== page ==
{[ promptMessage ]}

Bookmark it

{[ promptMessage ]}

Chapter 3 - Lesson:CriminalLaw PageTitle:LessonIntroduction...

Info icon This preview shows pages 1–3. Sign up to view the full content.

View Full Document Right Arrow Icon
Select  Print  from the  File  menu to print the lecture notes for this lesson. Lesson: Criminal Law Page Title: Lesson Introduction Page Number: 1 How would you fill in the blank in the following question? You might use three words to describe the development of criminal law:  episodic uneven , and  political . This lesson explains how criminal law has developed over time and the various sources and  types of law. Page Title: Menu Page Page Number: 2 This lesson presents the following topics: Introduction to Criminal Law Sources of Law Types of Law Classifying Crimes Elements of a Crime Defenses to Criminal Charges Page Title: Introduction to Criminal Law  Page Number: 3 Criminal law is the system that decides which behaviors will be punished and also how the  government can punish the criminal. It is the system that supports the values we as Americans  hold close; it keeps a felon behind bars and allows a shoplifting teenager to have a second 
Image of page 1

Info icon This preview has intentionally blurred sections. Sign up to view the full version.

View Full Document Right Arrow Icon
chance. Social control is a continuum, from folkways to mores to norms to laws; from rules of table  etiquette (the violation of which might earn a stern look) to the right to life and liberty (the violation  of which can earn imprisonment or the death penalty). Laws govern many aspects of our daily lives. We are all expected to know what the law says and  to follow it. But, do we really know what  law  [A rule of conduct, generally found enacted in the  form of a statute, that proscribes or mandates certain forms of behavior. Statutory law is often the  result of moral enterprise by interest groups that, through the exercise of political power, are  successful in seeing their valued perspectives enacted into law] is? Page Title: The Purpose of Law Page Number: 4 All societies need laws to protect citizens from victimization and to uphold fairness. Laws regulate  relationships between people and parties. Laws also maintain values, uphold social norms, and  support a system for the punishment and rehabilitation of offenders.  Page Title: The Purpose of Law (Cont’d) Page Number: 5 What do  laws  do? Laws maintain order in society. Laws regulate human interaction. Laws enforce moral beliefs. Laws define the economic environment. Laws enhance predictability. Laws support the powerful. Laws promote orderly social change. Laws sustain individual rights.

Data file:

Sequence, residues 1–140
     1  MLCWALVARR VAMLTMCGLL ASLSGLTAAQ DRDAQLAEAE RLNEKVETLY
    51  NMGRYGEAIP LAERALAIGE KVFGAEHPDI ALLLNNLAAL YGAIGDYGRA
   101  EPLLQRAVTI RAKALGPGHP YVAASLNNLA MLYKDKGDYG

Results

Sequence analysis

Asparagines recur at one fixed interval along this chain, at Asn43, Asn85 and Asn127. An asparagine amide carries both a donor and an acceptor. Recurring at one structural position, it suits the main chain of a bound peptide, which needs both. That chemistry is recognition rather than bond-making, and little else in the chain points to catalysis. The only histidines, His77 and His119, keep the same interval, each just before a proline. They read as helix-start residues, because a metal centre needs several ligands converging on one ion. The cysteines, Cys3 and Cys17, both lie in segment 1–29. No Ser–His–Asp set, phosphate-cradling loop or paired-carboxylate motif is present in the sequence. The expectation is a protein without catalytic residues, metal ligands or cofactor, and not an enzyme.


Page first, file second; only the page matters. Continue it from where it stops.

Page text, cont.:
Image of page 2
Image of page 3
This is the end of the preview. Sign up to access the rest of the document.

{[ snackBarMessage ]}

What students are saying

  • Left Quote Icon

    As a current student on this bumpy collegiate pathway, I stumbled upon Course Hero, where I can find study resources for nearly all my courses, get online help from tutors 24/7, and even share my old projects, papers, and lecture notes with other students.

    Student Picture

    Kiran Temple University Fox School of Business ‘17, Course Hero Intern

  • Left Quote Icon

    I cannot even describe how much Course Hero helped me this summer. It’s truly become something I can always rely on and help me. In the end, I was not only able to survive summer classes, but I was able to thrive thanks to Course Hero.

    Student Picture

    Dana University of Pennsylvania ‘17, Course Hero Intern

  • Left Quote Icon

    The ability to access any university’s resources through Course Hero proved invaluable in my case. I was behind on Tulane coursework and actually used UCLA’s materials to help me move forward and get everything together on time.

    Student Picture

    Jill Tulane University ‘16, Course Hero Intern